Things are heating up in the Sun Belt, from Phoenix to Miami—and it’s not just the temperature.
Rents are increasing across the country at a breakneck pace, making it more difficult for renters to find affordable housing. February was the seventh straight month where rent price increases were in the double digits—costing renters nationally an average 17.1% more than what they paid last year, according to a recent Realtor.com® report.
(The report is based on studio, one-bedroom, or two-bedroom apartments, condos, townhomes, and single-family homes listed for rent on Realtor.com in February. Only the 50 largest metropolitan areas were included. (A metropolitan area includes the main city and surrounding towns, suburbs, and smaller urban areas.)
“A lot of it is catch-up from rents not growing as they typically would during the [COVID-19] pandemic,” says Danielle Hale, chief economist for Realtor.com. “With broad inflation trends everywhere, landlords are trying to make up for higher costs in property taxes, utility, upkeep, and maintenance and trying to pass those on to renters to maintain their position.”
There are also more renters looking for housing—981,000 more at the end of the fourth quarter of 2021—creating extremely low vacancy rates of 5.8%, the lowest since the mid-1980s, according to a recent report from the Joint Center for Housing Studies of Harvard University. And as would-be homebuyers are struggling to find homes to buy or are being priced out of the market, they’re remaining renters longer, adding to the competition.
Two-bedroom units are seeing the largest increase in rents over last year, with the median rent at $2,002 nationally, up $278—or 16.2%—over the same time last year, and up $350—or 21.2%— compared with two years ago.
The median rent for a one-bedroom is now $1,648, a 16.4% increase over last year and 17.1% higher since February 2020. Meanwhile, the median rent for a studio apartment is now $1,474, up 17.1% over last year and 11.7% higher than it was two years ago.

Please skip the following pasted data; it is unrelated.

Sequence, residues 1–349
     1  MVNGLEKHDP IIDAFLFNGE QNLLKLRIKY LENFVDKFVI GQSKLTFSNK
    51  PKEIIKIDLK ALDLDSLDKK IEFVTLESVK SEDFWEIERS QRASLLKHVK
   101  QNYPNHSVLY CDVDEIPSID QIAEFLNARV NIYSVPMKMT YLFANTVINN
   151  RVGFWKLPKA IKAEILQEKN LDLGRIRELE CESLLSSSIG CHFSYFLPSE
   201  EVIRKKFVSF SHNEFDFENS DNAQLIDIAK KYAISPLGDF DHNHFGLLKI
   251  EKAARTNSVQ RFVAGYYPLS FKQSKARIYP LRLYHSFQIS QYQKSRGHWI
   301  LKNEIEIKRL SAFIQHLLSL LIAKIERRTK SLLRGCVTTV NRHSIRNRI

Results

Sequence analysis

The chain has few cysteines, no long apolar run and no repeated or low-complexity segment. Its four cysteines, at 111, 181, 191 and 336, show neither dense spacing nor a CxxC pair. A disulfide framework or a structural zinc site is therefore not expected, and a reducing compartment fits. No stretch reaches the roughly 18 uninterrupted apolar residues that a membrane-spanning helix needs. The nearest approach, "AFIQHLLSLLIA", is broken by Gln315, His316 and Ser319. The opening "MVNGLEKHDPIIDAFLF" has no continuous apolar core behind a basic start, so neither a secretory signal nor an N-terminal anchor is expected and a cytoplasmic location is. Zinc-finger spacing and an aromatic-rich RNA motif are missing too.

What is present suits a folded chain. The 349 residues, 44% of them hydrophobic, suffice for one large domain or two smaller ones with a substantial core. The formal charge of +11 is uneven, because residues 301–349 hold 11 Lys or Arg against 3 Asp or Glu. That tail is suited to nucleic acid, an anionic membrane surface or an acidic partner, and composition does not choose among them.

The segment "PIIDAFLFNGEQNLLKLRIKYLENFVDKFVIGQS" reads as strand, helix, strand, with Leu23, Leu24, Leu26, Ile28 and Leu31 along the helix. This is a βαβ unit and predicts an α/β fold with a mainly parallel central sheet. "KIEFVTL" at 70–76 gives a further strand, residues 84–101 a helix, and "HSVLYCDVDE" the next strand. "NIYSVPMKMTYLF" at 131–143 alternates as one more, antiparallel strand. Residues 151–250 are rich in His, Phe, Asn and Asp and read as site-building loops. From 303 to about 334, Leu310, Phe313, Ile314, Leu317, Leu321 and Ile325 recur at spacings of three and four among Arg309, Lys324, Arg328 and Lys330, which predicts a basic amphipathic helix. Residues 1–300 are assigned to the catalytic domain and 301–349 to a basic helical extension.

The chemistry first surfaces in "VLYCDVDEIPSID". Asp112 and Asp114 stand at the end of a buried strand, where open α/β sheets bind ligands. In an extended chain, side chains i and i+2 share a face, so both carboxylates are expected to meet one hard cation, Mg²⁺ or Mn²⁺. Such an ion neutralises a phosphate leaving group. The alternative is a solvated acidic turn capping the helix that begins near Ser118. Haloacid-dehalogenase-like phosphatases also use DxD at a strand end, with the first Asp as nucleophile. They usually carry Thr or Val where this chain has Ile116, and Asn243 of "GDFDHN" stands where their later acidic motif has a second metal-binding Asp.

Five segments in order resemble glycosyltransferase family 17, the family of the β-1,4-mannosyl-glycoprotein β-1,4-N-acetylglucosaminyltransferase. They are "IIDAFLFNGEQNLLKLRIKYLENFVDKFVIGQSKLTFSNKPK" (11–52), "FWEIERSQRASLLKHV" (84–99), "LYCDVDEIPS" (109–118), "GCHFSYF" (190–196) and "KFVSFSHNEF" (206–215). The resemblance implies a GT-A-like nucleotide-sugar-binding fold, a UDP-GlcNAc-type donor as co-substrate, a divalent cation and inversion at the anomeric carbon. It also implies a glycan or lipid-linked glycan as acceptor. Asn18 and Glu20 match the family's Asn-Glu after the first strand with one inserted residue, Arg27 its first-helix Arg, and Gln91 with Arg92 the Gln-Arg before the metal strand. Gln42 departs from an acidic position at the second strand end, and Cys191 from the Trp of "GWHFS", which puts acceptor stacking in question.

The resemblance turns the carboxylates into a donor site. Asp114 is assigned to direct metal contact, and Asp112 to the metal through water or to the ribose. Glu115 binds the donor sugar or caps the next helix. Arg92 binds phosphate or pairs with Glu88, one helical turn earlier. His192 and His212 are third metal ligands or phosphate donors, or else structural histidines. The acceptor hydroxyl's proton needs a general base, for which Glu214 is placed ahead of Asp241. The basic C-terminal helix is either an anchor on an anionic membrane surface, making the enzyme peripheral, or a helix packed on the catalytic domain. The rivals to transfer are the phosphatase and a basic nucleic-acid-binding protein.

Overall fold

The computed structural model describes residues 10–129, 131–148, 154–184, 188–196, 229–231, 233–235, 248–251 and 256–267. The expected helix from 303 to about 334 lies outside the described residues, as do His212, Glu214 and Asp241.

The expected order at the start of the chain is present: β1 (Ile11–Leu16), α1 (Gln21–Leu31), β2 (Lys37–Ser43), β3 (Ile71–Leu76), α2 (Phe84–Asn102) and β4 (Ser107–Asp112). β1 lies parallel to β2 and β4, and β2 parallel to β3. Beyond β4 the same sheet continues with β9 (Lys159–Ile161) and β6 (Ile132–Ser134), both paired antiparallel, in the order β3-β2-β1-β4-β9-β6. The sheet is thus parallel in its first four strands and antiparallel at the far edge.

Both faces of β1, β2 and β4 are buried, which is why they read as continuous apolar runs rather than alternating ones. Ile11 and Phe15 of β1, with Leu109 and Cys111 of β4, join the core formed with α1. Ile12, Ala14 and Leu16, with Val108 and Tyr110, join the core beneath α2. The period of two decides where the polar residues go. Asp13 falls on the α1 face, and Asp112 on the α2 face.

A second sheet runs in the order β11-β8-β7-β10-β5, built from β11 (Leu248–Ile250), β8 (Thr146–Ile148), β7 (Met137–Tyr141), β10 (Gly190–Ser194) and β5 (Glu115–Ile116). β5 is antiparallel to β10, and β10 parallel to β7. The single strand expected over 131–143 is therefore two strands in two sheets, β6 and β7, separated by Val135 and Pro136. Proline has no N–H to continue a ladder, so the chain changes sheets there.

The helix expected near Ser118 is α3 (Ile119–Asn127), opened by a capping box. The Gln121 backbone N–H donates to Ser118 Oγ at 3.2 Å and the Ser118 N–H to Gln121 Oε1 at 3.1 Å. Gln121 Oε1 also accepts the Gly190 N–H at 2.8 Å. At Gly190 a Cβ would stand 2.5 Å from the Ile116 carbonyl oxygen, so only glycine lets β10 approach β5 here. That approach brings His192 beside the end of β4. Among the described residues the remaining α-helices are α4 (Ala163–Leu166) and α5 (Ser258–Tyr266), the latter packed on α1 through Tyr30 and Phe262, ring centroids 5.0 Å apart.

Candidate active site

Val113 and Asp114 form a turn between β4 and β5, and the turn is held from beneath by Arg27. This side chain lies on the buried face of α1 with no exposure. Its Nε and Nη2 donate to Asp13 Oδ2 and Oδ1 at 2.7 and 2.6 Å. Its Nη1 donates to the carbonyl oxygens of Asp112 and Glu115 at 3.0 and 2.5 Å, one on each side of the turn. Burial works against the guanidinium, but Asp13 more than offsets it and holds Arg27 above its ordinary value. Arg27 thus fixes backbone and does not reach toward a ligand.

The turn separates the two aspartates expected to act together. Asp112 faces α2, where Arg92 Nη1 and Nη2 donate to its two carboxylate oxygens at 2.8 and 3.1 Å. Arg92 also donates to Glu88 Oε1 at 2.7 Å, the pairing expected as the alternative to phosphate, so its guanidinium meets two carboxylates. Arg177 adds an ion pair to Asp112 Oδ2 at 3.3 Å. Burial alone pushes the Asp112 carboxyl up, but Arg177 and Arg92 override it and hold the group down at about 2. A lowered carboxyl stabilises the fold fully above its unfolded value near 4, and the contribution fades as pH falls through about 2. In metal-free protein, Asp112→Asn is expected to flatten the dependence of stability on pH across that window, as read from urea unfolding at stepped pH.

All three have reached record highs, according to Realtor.com data history.
As bad as these increases sound, it’s much, much worse in warmer-climate cities. In Miami, rents jumped 55% since February of last year.
Other Florida metros such as Orlando, Tampa, and Jacksonville are not far behind with rent jumps. Austin, TX; San Diego; Las Vegas; Phoenix; San Antonio, TX; and Memphis, TN, rounded out the top 10 metros seeing the highest rent increases.
Chris Morenza with Florida One Realty in Miami says she has never seen rental prices increase so dramatically as they have in the past year, with some units renting above the listing price—and going fast.
One unit listed at $2,150 was rented at $2,400. Another tenant paying $2,000 decided not to renew, and Morenza later rented out that unit for $3,000.
“In another case, we put a rental [online] late at night. An agent showed the unit at 8 a.m., and we had a lease done by midday,” says Morenza.
Other factors adding to Miami’s rising rents is its distinction as an international city, says Hale.
As the world opens back up and people feel more comfortable traveling, they may be seeking to relocate somewhere with low taxes where they don’t have to worry about snow. That, along with a high concentration of retirees and international renters, who might be paying for their units with wealth rather than income, is another factor.
Miami is also a hot market for real estate investors, according to a recent investor report, and it has seen its population increase, along with other Sun Belt destinations.
“When people are able to work remotely, and are no longer tied to being in New York, they’d rather be down here,” says Morenza.